How to clean smoke residue from engine

A paper towel and if there is a large mess, then I use a towel wet with rubbing alcohol. When putting a locomotive back into its box for storage, or shipping it somewhere, put a piece of towel into the stack to absorb any fluid that might leak out.

Bobby Ogage

"I hear that train a coming,

it's rolling around the bend"

 

The times I have needed to clean off smoke fluid, I've used cotton balls and q-tips (maybe moistened with water a little, but mostly for their absorbing of the excess smoke fluid).  These are very soft (won't scratch) and worked better than paper towels for me.  (may depend on type of PT, I use bounty at home, and that didn't help me much for this task)

 

-Dave

I start with a soft cloth, usually a rag terrycloth towel to wipe it off.  Q-tips are good if you have some corners you can't get the towel into.  I rarely need any kind of solvent or cleaning product to remove it.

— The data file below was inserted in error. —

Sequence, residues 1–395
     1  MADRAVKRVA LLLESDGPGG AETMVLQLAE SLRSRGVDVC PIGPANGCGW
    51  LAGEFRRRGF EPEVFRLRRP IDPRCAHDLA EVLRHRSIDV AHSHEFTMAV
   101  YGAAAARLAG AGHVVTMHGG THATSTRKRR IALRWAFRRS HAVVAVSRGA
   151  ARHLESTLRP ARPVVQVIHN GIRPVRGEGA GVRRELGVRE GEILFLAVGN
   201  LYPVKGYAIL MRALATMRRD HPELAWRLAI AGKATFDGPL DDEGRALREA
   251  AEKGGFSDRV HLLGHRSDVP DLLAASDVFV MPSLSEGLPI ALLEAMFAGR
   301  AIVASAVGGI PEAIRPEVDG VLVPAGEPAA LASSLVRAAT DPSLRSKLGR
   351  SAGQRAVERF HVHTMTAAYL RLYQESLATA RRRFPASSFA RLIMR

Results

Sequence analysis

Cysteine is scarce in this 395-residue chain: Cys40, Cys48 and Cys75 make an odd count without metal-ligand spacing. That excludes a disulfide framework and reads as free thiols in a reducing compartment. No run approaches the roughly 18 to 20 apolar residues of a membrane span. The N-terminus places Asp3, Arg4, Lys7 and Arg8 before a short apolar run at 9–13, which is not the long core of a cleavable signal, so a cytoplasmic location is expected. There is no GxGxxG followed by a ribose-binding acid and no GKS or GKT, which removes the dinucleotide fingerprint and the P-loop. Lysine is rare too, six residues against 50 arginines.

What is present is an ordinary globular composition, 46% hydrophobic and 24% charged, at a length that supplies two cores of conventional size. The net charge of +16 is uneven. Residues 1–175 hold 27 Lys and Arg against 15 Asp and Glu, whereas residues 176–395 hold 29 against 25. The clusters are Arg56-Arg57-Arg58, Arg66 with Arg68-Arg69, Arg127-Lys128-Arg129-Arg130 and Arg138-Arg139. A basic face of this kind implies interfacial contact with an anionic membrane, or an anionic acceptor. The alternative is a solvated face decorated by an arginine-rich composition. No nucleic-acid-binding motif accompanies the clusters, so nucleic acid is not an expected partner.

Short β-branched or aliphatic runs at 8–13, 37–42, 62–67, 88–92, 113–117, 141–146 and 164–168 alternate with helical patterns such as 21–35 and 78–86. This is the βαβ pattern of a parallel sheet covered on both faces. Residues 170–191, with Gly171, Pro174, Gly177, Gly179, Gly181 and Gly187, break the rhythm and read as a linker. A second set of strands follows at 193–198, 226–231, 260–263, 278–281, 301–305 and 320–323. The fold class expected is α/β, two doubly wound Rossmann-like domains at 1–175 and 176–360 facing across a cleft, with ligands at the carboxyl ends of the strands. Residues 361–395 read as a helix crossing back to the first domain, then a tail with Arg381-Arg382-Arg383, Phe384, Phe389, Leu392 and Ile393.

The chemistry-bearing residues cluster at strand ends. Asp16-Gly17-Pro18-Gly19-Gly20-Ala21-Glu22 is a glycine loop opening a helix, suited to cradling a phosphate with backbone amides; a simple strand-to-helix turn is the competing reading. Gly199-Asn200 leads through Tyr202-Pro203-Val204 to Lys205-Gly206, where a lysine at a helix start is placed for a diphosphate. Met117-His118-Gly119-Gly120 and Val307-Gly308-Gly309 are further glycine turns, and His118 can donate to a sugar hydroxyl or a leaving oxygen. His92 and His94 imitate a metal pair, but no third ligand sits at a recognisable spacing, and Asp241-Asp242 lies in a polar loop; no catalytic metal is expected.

I will echo the caution on Isopropyl Alcohol, or in fact any other solvent.  Many of these will damage paint!  I successfully wiped half the lettering off a tender with Isopropyl Alcohol in one swipe learning that lesson!

Thanks for all the inputs.  I failed to mention in my first post that it is dried on the engine with dust on it.  Won't come off with a cloth.  I think I'll try some diluted dish soap and Q-tips and then graduate to 409 on a Q-tip and then see where we are.

 

Thanks again.

 

Gene



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